Store Silver Right, Sleep Tight|
March 07, 2013
I expect that both gold and silver prices will rise far above current levels over the next couple of years. You can read my other writings on why I anticipate such developments. Beyond that, I expect the price of silver to outperform gold on a percentage basis by a wide margin.
At current price levels, gold is worth more than 50 times that of silver. In line with my expectation that silver will rise by a greater percentage than gold, that means the long-term equilibrium ratio will be much lower than it is today. I don’t have a crystal ball telling me what the ratio “should be,” but I would not be surprised to see it end somewhere in the 35-40 range.
Obviously, a lot of purchasers of physical precious metals like silver’s prospects more than gold because the total dollar volume of silver being purchased exceeds that of gold. By ounces that means that far more than 50 times as many ounces of physical silver are being sold than of gold.
However, there is a significant logistical problem facing anyone who wants to invest a significant amount in physical silver – where to store it?
A thousand ounces of pure silver weighs over 68 pounds. It takes up roughly 165 cubic inches. That would fill most of a small safe deposit box. You can purchase the 1,000 ounces of silver for a bit over $30,000 right now. But, my company has helped customers purchasing 100,000 ounces or more at one time. What do such buyers do then?
Over the years, customers have asked me how to safely store large quantities of physical silver. Unfortunately, I don’t have any perfect answers for them that combine quick access, low cost and strong safety.
The fastest access you can have to your physical silver is for it to be in your direct custody. That also would likely be the lowest cost alternative. However, safety is not the best. You can be burglarized where you live or work. You could bury it and forget where it is or die without sharing the knowledge of its location. You could put it in a safe or vault at home or work. However, most residential safes are mainly for fire protection. Professional burglars can break into them faster than you would expect. Or, if a safe only weighed a couple hundred pounds, criminals have been known to steal the whole unit to be cracked open elsewhere.
If you have direct custody of physical silver, the more people who know you own it or know where you are hiding it, the greater your risk that you become a target. Many secrets have been innocently exposed in ways that people would not anticipate. It also happens that the ones who are trusted with knowledge of where the silver is stashed have themselves taken it without permission. Insurance for physical silver in your direct custody is difficult to obtain and expensive if you can get it.
You could have a high caliber safe or hidden vault installed where you work or live. However, costs will be in the thousands of dollars, at a minimum. There is a good chance that the delivery or installation of a safe or vault will be detected by your neighbors, thus creating the risk that the existence of your secure storage becomes public knowledge. The insurance premiums would be lower than for silver not stored in a good quality safe or vault, but it would still cost something.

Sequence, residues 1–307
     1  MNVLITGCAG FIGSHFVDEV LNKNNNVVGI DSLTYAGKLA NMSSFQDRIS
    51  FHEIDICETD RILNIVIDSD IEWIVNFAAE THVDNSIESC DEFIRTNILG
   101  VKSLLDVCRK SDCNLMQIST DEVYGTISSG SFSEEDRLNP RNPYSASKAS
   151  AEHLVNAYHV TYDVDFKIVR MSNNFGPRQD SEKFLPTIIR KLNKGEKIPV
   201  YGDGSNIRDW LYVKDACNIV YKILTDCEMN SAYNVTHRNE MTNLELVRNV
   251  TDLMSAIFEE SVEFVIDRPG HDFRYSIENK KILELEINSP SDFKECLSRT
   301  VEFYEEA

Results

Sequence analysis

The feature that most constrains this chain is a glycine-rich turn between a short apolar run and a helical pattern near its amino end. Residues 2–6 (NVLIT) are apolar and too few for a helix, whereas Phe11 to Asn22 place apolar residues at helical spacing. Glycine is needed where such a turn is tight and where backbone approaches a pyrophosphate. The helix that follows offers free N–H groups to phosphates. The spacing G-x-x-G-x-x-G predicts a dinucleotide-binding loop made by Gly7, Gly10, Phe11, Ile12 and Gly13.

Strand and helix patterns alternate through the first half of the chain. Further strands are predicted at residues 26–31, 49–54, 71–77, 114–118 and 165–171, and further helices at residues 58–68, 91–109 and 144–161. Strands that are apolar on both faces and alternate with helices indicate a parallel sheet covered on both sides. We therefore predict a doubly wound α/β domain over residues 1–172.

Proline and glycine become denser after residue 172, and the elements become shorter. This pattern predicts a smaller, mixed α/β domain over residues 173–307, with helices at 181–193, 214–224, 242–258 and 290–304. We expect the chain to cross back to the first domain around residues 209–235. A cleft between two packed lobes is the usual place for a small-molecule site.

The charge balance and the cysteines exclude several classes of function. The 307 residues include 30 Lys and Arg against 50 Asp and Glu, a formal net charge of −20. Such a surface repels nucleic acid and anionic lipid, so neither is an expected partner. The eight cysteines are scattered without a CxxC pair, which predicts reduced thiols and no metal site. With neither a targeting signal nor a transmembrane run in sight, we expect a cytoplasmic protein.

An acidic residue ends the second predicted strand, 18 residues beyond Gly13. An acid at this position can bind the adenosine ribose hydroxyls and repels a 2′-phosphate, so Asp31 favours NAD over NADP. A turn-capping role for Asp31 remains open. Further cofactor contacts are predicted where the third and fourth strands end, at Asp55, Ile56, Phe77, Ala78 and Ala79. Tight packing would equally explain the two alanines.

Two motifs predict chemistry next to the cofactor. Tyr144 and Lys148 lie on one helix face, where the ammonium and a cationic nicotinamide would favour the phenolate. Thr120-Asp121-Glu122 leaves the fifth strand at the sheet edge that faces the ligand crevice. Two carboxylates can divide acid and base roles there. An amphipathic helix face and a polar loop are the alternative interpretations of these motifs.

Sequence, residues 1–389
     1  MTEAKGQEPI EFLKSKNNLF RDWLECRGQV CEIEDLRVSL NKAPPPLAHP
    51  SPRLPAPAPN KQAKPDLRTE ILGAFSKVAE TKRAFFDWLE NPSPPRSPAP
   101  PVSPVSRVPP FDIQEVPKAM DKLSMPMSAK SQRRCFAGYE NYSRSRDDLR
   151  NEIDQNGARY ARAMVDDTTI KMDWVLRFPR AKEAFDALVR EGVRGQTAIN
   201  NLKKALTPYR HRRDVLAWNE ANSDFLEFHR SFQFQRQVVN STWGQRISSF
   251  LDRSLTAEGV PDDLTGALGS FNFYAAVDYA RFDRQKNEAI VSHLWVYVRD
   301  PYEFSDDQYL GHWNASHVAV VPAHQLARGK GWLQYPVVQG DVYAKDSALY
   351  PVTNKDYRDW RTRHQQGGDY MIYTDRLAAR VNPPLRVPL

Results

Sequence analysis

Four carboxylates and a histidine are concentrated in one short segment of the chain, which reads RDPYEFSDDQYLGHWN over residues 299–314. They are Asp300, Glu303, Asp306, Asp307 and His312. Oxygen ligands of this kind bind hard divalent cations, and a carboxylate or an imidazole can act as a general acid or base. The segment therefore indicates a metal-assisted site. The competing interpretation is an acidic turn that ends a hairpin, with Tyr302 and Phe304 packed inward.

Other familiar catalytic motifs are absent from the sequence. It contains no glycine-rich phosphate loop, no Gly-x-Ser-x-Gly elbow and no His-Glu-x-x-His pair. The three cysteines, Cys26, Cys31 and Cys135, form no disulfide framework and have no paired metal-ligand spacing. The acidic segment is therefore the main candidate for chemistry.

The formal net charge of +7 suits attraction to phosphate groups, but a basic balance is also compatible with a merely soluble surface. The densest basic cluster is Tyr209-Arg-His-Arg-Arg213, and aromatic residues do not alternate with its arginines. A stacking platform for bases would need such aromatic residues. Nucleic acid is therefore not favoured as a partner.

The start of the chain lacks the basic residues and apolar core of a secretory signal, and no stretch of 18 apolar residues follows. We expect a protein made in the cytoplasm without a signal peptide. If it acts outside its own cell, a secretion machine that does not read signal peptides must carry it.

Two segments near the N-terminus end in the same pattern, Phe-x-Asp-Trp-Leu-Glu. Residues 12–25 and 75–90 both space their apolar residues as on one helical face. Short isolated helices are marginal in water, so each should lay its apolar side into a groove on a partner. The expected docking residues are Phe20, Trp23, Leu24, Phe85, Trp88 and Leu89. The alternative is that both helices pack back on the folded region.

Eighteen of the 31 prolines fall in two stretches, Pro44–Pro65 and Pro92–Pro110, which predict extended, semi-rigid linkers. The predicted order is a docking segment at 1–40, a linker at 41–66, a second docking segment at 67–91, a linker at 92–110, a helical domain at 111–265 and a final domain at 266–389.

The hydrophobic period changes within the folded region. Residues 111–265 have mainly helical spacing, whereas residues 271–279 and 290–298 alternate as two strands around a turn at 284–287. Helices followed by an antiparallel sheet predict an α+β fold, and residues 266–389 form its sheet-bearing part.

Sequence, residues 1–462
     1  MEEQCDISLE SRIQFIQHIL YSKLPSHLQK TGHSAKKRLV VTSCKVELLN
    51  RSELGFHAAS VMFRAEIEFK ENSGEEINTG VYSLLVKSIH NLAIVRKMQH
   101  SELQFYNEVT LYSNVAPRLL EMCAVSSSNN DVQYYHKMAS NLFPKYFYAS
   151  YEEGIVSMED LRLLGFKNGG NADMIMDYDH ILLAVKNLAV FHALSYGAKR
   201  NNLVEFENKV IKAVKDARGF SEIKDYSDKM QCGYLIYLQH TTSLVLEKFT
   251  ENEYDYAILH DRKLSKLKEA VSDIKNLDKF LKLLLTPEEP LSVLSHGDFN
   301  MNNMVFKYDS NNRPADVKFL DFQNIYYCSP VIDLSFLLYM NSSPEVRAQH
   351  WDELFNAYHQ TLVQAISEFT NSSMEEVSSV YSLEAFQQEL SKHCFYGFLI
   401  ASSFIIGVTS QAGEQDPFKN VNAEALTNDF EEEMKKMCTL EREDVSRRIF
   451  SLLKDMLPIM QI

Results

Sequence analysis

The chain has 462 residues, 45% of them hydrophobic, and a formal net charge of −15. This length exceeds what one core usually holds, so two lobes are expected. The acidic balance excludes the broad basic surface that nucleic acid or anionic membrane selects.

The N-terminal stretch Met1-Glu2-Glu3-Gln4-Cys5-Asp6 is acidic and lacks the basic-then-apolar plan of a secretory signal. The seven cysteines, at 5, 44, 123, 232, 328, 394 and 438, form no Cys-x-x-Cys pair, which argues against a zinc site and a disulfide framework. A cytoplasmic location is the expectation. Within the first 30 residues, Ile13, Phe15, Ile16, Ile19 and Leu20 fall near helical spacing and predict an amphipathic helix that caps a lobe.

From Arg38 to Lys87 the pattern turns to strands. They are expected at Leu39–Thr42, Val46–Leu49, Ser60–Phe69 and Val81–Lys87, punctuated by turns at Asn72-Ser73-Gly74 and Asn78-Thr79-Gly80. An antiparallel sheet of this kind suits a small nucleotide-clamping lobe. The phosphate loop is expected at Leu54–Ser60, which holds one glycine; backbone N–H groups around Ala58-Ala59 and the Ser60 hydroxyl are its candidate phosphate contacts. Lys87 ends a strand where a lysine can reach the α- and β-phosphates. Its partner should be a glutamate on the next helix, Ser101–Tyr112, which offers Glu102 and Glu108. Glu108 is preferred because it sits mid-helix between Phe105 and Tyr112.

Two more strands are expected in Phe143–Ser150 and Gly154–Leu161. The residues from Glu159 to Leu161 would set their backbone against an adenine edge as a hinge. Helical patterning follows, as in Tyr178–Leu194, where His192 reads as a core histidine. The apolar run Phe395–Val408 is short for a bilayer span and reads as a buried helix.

The next option would be a bank safe deposit box. If you accumulate large quantities of physical silver, the costs could add up to hundreds of dollars (or more) per year. Banks are safer against theft, but you run several risks from storing your silver there. First, if you own the safe deposit box personally and die, the box is supposed to be sealed by the bank until an inventory of the contents can be made for estate purposes. Banks are also not open 24 hours a day to provide instance access. If you remember the huge power failure in the Northeast United States that spread as far as Michigan several years ago, there were some banks in my area that were closed for five days, preventing access during normal business hours.
Bank safe deposit boxes are sometimes broken into, but banks do not insure the contents. Insurance is much more affordable that for physical silver stored at home, but you do have the cost of the annual appraisal on top of the insurance premium.
Last, for large quantities, you can consider using private storage facilities either within or outside the United States. Fees usually include insurance coverage, which can be lower than for goods stored in safe deposit boxes. Overall, as a percentage of value, storage facilities can be lower than safe deposit boxes.
There are levels of secured storage. Unallocated storage means that you theoretically own some part of a large pile of physical silver. You don’t have title to specifically identified merchandise. The silver is owned by the storage facility and their customers’ holdings are unsecured creditors of the storage facility. If the storage company goes bankrupt, owners of unallocated silver get in line with the utility companies, tax authorities, employees and other creditors of the storage company to get the crumbs left over after secured creditors are paid off.